Protesters take on alleged brutality by Kern County deputies

BAKERSFIELD, Calif. (KBAK/KBFX) About two dozen protesters marched in downtown Bakersfield, calling for changes to officer behavior after the death of a man in sheriff's custody. The protest was led by one of the witnesses who got cellphone video of the incident on May 7.

The protesters started at the Liberty Bell outside the Kern County Courthouse, marched up Chester Avenue, circled past an office of the District Attorney, and returned to the courthouse.

"All this stuff going on, and everything like that, pretty much needs to stop." Melissa Quair said. "They're here to protect and serve. Let's do that."

Quair and her family happened to come out of Kern Medical Center May 7 at about midnight. They saw the incident when David Silva, 33, was being detained by a number of officers. The Kern County Sheriff's Department reports Silva resisted, officers deployed the deputy's K-9 and used batons. Silva died later at KMC.

The protesters on Thursday carried signs including "Stop police brutality" and "We have to speak out now."

"I just feel like now-a-days we can't come to the police for help, because we might get attacked," Tamala Davison told Eyewitness News. She was one of the protesters.

The incident with Silva has gained a lot of attention. Eyewitness News was told some of the protesters were from out of town. Some also wore masks, which they said were a sign of anonymity.

The sheriff's department reports a deputy was called to Flower Street and Palm Drive on reports of a possibly intoxicated man. They say the confrontation with Silva lasted eight minutes. Eventually there were seven of their officers as well as two California Highway Patrol officers who responded.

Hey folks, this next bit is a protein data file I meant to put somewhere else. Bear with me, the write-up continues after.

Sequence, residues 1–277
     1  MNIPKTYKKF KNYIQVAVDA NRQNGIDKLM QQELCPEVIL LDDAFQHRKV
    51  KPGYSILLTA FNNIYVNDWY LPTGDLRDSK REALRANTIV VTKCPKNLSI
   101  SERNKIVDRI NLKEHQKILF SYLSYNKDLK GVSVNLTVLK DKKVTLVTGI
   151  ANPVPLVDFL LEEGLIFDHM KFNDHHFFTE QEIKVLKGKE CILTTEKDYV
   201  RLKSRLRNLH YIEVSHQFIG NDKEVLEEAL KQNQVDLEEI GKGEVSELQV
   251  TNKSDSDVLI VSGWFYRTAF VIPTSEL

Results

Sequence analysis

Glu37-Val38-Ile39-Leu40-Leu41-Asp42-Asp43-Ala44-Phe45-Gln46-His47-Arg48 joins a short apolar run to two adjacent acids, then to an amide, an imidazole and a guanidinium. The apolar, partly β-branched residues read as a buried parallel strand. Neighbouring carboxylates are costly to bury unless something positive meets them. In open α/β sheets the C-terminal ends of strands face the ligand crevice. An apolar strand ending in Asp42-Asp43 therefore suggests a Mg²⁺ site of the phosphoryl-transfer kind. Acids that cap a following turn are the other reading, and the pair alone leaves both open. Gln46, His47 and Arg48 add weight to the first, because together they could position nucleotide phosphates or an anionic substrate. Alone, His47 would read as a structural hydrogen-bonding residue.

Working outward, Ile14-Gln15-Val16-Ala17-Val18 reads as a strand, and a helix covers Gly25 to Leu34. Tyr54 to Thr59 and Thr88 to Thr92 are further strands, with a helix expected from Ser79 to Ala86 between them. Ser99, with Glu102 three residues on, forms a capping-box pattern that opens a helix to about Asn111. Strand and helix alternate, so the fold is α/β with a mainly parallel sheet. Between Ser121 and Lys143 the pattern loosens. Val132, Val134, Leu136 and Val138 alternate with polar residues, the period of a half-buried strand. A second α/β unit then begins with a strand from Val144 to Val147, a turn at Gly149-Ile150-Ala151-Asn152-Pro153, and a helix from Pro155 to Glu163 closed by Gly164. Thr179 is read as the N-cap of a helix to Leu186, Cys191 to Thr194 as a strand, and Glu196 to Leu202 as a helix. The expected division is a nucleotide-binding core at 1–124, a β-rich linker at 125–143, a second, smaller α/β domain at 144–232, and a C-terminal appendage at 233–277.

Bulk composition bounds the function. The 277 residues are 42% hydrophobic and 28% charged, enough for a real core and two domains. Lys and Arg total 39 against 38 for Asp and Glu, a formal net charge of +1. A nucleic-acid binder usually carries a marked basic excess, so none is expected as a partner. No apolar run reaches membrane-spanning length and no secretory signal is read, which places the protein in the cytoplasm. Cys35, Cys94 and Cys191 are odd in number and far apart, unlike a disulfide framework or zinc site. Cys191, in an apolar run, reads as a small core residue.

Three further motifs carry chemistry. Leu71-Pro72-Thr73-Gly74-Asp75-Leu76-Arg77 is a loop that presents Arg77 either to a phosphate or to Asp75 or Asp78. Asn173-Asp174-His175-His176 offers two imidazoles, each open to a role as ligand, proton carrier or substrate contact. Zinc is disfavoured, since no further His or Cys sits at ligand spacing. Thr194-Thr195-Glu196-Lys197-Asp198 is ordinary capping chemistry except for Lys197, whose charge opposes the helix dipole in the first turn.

Two members of Quair's family got cellphone video of the incident, and their two phones were seized by sheriff officers within a few hours. That has also raised concerns.

Then earlier this week, the sheriff's department announced a review of the cellphones by the Bakersfield Police Department found there was no video of the incident on one of those phones. Sheriff Donny Youngblood then asked the FBI to analyze the cellphones and do a "parallel investigation" of the incident.

At Thursday's protest, Quair said she can't discuss the phones now. "We can't speak on that," she told Eyewitness News. "But, like we said, the truth will be revealed." The family says they saw video of the incident on both cellphones.

The phones were returned to the family on Wednesday, and they're now being analyzed by their attorney.

It's not known why one phone has no video now. The family has told Eyewitness News they removed a "card" from one phone, it's not clear if that could have been a factor.

The sheriff's department has said they need to review any video and do a thorough investigation of the incident.

Tamala Davison said she understands there's a need for more information. "I think it's true that there's two sides to every story," she said. "But, what we've seen is brutal."

So far, a neighbor's security camera video has been made public. It's dark, blurry and from a distance. But, that video shows someone apparently on the ground, and what looks like others striking that person.

Quair's family and other witnesses have reported they saw a number of baton blows by officers, and they heard the man begging for help.

"What they did wasn't right," James Taylor said. He was marching, carrying a large sign. The change he wants to see? "The sheriff needs to do better training," he said. "More training."

The attorney for the family with the cellphone video says he hopes that can be made public by Friday.

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